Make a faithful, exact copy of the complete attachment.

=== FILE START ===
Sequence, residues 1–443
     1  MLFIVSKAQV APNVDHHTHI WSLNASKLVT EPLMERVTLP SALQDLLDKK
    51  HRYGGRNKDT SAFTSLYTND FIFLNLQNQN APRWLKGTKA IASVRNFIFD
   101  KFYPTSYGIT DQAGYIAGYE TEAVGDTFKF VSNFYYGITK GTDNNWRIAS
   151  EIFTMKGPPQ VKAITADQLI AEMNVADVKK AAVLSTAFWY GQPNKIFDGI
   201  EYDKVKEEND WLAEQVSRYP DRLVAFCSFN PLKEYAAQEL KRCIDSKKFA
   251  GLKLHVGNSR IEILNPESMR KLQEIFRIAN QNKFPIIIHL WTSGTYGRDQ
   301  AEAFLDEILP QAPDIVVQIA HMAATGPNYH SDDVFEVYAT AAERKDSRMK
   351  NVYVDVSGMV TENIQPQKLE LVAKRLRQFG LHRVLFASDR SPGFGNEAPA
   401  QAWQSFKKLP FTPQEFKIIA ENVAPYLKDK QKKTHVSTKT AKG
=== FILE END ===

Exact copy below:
Sequence, residues 1–443
     1  MLFIVSKAQV APNVDHHTHI WSLNASKLVT EPLMERVTLP SALQDLLDKK
    51  HRYGGRNKDT SAFTSLYTND FIFLNLQNQN APRWLKGTKA IASVRNFIFD
   101  KFYPTSYGIT DQAGYIAGYE TEAVGDTFKF VSNFYYGITK GTDNNWRIAS
   151  EIFTMKGPPQ VKAITADQLI AEMNVADVKK AAVLSTAFWY GQPNKIFDGI
   201  EYDKVKEEND WLAEQVSRYP DRLVAFCSFN PLKEYAAQEL KRCIDSKKFA
   251  GLKLHVGNSR IEILNPESMR KLQEIFRIAN QNKFPIIIHL WTSGTYGRDQ
   301  AEAFLDEILP QAPDIVVQIA HMAATGPNYH SDDVFEVYAT AAERKDSRMK
   351  NVYVDVSGMV TENIQPQKLE LVAKRLRQFG LHRVLFASDR SPGFGNEAPA
   401  QAWQSFKKLP FTPQEFKIIA ENVAPYLKDK QKKTHVSTKT AKG